TBH I don’t think it’ll take you long to find a focus in a colour she likes…..they’re not exactly rocking horse sh1t 😀

    Premier Icon molgrips
    Subscriber

    http://www.honestjohn.co.uk/forum/post/index.htm?t=81959

    Good reading for prospective and current ford diesel owners.

    10kpa is not low mileage. It will be fine as long as you follow the DPF instructions.

    EDIT seems the newest batch of Fords don’t need additive..

    Premier Icon scaredypants
    Subscriber

    she’s been offered an audi 😳 s3 “estate” thing at one place – I’d be willing to take that and boot it from time to time 😉

    (too powerful for what she wants and I assume it’s been ragged for every miloe it was ever driven but, even so, …)

    hammyuk
    Member

    S3 are bullet proof and are fairly reasonable on fuel if driven “normally”

    Premier Icon garage-dweller
    Subscriber

    No no no. Get the petrol. 10k is not enough miles a year to justify the extra purchase cost and the downside risks on dpf and dmf. In the winter it can take 5miles+ for my diesel mondeo to come up to temp. Our petrol one is proper warmed up in 2-3miles.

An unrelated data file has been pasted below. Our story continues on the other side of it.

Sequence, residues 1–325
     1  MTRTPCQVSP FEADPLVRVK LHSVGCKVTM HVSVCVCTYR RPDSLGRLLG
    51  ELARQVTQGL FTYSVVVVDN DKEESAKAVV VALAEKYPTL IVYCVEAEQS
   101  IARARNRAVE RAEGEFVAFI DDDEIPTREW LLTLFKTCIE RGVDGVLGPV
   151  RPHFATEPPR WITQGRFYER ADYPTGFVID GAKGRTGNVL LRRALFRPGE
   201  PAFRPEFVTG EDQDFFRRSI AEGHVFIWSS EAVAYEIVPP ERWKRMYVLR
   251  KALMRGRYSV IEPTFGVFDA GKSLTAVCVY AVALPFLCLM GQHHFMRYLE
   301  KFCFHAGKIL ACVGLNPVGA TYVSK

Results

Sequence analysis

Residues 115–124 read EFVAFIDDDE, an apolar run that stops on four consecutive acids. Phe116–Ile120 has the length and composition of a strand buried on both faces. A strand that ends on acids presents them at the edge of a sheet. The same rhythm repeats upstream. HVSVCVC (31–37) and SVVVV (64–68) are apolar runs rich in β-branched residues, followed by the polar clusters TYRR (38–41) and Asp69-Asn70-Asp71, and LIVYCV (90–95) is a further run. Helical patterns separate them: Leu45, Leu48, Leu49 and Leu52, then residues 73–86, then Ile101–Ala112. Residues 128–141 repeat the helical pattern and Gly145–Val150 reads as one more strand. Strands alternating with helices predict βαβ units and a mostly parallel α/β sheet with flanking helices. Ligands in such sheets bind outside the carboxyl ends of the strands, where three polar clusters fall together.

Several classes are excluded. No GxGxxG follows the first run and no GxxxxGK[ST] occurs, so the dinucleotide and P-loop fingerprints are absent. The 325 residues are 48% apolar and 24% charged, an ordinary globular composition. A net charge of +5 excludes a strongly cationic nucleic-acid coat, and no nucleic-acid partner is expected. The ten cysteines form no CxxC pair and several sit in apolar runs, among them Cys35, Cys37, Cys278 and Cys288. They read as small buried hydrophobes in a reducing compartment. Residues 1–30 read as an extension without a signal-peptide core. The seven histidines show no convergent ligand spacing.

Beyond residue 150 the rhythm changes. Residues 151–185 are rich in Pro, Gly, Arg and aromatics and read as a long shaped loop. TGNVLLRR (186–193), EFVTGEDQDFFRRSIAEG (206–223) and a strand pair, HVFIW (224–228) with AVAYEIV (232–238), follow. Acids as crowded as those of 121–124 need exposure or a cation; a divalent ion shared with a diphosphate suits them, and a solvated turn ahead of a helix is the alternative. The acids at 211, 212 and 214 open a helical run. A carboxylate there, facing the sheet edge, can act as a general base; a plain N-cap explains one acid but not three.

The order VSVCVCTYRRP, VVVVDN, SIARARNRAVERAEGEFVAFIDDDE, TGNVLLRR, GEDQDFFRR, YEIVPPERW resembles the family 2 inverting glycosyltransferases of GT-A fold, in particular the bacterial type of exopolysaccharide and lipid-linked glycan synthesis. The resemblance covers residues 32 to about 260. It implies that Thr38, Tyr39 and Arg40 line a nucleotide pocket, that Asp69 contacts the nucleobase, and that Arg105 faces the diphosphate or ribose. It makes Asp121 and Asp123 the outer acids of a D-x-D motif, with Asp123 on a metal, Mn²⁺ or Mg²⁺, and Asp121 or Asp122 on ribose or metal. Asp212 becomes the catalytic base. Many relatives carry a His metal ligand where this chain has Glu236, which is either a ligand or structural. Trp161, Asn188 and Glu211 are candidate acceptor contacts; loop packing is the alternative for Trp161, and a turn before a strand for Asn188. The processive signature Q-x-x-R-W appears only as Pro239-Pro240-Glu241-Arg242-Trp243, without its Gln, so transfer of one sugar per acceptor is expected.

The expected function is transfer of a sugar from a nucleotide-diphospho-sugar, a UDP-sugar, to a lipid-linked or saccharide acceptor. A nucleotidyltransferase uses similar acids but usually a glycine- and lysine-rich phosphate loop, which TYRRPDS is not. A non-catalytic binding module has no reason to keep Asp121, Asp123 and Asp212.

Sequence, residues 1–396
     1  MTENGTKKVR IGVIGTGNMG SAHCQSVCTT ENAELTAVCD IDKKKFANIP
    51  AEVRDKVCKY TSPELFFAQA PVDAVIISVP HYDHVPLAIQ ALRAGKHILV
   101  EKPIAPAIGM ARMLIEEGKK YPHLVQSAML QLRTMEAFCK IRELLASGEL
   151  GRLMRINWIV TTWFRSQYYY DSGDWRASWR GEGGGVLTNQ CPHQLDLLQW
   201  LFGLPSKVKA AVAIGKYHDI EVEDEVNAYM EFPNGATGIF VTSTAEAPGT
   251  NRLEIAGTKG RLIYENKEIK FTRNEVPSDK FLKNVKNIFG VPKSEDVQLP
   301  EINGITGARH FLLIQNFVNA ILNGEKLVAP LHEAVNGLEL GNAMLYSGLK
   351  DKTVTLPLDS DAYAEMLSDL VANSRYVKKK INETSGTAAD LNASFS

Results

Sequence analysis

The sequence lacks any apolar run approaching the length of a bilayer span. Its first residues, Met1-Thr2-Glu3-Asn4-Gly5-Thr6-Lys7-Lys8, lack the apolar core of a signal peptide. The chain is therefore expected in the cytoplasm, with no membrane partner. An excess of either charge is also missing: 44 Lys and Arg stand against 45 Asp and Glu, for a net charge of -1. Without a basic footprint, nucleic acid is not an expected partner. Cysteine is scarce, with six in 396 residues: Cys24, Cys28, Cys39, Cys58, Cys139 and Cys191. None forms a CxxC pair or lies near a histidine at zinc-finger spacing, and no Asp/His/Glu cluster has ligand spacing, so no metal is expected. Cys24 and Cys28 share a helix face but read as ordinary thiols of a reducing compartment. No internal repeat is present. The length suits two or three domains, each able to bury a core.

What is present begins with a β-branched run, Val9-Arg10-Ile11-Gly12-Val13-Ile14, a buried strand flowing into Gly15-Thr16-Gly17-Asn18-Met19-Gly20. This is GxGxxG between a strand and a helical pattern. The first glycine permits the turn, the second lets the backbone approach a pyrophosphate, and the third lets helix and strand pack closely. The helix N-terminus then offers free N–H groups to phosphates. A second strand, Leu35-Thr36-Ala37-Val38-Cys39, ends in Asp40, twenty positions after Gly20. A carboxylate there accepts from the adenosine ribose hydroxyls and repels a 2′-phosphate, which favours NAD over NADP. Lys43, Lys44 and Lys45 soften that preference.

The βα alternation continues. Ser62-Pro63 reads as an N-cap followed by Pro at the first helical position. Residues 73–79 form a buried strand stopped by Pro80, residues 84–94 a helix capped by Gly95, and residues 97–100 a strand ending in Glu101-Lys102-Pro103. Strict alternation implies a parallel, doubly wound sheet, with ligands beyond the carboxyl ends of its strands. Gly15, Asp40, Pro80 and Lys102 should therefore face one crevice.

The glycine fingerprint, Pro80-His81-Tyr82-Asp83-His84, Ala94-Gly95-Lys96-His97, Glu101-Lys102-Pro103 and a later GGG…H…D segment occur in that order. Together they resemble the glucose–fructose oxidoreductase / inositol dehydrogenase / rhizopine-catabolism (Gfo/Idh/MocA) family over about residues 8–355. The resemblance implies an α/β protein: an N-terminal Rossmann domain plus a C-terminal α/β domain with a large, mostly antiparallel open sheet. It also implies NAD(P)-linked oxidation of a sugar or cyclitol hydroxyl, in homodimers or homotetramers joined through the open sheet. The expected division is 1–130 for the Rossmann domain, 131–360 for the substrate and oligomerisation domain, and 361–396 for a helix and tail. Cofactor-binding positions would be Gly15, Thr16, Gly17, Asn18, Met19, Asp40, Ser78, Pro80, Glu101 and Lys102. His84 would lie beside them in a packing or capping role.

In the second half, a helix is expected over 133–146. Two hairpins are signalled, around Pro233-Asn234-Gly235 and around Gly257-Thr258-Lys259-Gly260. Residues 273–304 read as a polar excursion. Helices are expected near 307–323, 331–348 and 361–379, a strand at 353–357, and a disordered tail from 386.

If you spend some time in traffic then the lighter petrol clutch and gear shift is worthwhile.

    Premier Icon molgrips
    Subscriber

    the extra purchase cost

    Not sure you are quite understanding the purchase process of some people.

    In the winter it can take 5miles+ for my diesel mondeo to come up to temp

    That’s the coolant. The oil and DPF/cat get hot much more quickly.

    It’ll be fine!

    My old C5 done mostly 5 mile journeys at a time and I took it from 60000 to 90000 in 3 years 10000 per year (same engine as ford) plus I have just bought another at a year old and it will be doing the same. Just keep it well serviced and it should be fine.

    Avoid a diesel for that sort of use. The money argument is true. However a bigger issue is likely to be reliability. Modern diesels need need long journeys and a good speed. Otherwise the injectors and particulate filters get blocked. Blocked injectors on a modern diesel means new injectors because of the pressure they run at. On a golf the injectors are £750 each! Not sure what they cost on focus but they will be expensive. Not sure about the exhaust systems but it will likely be pricy.

    95% sure that the C5 has a Citroen/Pegeout engine and not a ford. The French diesels tend to be very good. Just a shame the rest of the car is poor.